Can I get extra time on the SAT if I have a learning disability?

College Admissions

Our counselors answered:

Can I get extra time on the SAT if I have a learning disability?

Laura Smith

Can I get extra time on the SAT if I have a learning disability?

Whether a student can obtain accommodations for college admissions tests depends on how long their high school has had accommodations in place.  The student must show that they were granted extra time on tests in high school for at least four months prior to registering for the SAT.  To receive extended time on the ACT, one year of prior accommodations in high school is required. The school psychologist or guidance counselor should submit an accommodation form plus results of specific disability testing.  The student must be determined to have  a substantial limitation in comparison to the average person.  The disability may take the form of physical impairment such as impaired eyesight, chronic health conditions (ADHD), or significant emotional difficulties.  The guidance office should submit the student’s IEP or 504 plan along with their application.

Early preparation for testing accommodation is crucial.  Eligibility for accommodations is determined on a case by case basis through documentation review by the testing authorities.  This review can take from 6-8 weeks so high school juniors should be working on this now if they seek extra time on the SAT or ACT in the spring.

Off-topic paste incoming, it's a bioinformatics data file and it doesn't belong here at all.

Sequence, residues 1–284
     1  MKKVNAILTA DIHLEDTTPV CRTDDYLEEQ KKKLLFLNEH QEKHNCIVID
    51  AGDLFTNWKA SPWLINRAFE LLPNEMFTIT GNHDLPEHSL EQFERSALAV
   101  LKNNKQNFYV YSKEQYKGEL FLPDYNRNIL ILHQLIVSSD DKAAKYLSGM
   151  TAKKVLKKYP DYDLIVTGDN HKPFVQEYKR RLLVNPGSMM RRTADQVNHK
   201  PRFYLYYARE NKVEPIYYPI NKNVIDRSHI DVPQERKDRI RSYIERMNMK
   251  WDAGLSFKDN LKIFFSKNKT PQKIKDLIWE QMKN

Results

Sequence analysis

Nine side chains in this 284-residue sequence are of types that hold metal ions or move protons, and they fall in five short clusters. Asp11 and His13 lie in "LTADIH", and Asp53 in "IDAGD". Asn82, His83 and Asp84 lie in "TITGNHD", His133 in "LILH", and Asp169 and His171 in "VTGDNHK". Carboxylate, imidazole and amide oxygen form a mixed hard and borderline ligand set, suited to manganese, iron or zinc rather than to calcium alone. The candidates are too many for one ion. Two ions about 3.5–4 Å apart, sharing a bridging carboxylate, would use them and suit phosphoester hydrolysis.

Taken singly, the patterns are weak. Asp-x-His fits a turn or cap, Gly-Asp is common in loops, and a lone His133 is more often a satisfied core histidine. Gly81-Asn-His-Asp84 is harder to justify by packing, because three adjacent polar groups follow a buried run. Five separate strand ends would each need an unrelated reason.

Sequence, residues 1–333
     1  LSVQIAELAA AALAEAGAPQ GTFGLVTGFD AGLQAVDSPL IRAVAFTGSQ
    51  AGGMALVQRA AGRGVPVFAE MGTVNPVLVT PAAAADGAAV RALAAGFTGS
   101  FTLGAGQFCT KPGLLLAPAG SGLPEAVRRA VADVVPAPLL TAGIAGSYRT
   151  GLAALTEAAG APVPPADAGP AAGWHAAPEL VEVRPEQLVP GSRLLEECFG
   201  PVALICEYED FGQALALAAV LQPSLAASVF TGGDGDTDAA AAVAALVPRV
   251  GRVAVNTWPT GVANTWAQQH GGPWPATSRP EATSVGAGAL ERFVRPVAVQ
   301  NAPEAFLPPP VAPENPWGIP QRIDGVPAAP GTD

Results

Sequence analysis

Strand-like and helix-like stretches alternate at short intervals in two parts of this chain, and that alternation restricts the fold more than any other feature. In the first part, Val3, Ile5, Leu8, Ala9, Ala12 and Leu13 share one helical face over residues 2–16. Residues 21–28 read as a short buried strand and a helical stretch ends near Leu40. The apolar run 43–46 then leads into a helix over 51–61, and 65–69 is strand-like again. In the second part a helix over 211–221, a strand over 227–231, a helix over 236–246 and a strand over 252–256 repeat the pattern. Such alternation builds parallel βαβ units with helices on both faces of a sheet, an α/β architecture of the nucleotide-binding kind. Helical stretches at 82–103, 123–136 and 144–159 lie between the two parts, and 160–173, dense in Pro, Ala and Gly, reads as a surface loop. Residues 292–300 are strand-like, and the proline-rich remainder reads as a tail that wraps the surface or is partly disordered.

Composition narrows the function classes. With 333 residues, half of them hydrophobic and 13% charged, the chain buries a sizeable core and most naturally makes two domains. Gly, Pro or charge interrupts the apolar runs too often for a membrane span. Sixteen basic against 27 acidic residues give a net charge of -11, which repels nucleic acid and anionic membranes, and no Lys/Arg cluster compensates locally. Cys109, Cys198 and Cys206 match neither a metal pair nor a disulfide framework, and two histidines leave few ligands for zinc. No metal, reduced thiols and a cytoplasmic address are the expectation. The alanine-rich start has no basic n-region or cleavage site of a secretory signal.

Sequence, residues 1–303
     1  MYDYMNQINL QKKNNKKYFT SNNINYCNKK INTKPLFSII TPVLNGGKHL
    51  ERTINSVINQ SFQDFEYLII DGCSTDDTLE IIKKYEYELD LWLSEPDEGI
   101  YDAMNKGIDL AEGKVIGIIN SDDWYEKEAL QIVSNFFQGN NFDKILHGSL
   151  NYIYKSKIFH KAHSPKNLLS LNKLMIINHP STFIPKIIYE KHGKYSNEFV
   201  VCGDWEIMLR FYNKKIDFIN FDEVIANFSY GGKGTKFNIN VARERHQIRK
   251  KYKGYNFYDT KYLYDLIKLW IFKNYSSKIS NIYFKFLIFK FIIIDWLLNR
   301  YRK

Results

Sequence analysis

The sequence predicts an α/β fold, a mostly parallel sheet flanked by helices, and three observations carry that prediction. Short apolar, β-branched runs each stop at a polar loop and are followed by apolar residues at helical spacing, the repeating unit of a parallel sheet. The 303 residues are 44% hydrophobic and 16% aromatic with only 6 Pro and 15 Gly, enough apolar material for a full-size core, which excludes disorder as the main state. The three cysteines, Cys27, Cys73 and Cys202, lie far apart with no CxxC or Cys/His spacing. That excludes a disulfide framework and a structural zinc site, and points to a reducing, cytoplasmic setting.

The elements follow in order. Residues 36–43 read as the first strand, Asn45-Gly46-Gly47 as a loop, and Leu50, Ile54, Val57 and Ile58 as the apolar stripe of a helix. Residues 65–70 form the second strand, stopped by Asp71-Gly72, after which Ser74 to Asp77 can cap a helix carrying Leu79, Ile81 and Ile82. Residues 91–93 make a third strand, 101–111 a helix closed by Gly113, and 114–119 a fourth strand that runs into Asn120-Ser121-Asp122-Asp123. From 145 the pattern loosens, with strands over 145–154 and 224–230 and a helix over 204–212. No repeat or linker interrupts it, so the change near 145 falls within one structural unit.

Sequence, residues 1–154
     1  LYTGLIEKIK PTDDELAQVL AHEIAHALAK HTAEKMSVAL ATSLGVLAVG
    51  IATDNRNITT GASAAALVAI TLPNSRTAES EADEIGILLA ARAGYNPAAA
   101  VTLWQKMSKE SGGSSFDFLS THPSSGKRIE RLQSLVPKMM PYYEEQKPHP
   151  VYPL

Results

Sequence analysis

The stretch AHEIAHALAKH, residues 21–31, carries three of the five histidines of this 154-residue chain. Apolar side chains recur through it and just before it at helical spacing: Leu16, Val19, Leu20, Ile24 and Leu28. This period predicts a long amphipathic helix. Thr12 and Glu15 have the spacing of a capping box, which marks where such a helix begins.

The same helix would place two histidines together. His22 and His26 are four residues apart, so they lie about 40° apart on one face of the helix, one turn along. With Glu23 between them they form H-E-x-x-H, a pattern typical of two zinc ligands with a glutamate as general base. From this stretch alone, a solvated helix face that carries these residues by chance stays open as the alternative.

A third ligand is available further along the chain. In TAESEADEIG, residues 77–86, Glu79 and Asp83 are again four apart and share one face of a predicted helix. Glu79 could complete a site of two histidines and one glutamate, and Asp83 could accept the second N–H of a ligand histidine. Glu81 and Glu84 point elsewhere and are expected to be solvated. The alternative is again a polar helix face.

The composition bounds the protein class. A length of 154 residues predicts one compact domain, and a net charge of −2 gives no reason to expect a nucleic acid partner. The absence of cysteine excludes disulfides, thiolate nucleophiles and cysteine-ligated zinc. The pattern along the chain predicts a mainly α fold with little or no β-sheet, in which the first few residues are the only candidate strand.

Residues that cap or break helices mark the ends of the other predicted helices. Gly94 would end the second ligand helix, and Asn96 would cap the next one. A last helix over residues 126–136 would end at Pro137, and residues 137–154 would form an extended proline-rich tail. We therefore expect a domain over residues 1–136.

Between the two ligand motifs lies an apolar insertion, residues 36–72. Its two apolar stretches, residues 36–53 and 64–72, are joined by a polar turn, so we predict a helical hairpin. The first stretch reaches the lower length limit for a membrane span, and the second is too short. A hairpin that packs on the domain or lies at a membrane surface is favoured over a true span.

Nina Berler
Founder unCommon Apps

Can I get extra time on the SAT if I have a learning disability?

The answer is absolutely yes! Many of my students have been awarded extra time on the SAT, typically 1.5 times as much as the standard amount of time. The College Board doesn't award this haphazardly, however. You will need to provide documentation supporting your disability. Sometimes that takes time, so read up first on the College Board website: Also check in with your guidance counselor. Remember to bring snacks the day of your SAT: you may be at the test center for some time!

William Chichester


Consult with SAT for more information

Tyler Burton
President Burton College Tours

You must have a documented learning or physical disability.

Students who wish to request extended time on the SAT or keyboarding accommodations must do two things ASAP. 1. Log onto the College Board website and read about the steps that a student needs to take to meet the requirements of a documented disability. 2. Contact your school guidance counselor and confirm with them that you wish to see accommodations on standardized testing. Students need to be aware that a history of accommodations and educational testing are both required. I caution students not to worry, if they require accommodations then they will be able to work this out.

Owner Ellen Richards Admissions Consulting

Recent study finds that students taking ADHD medication tested higher on standardized tests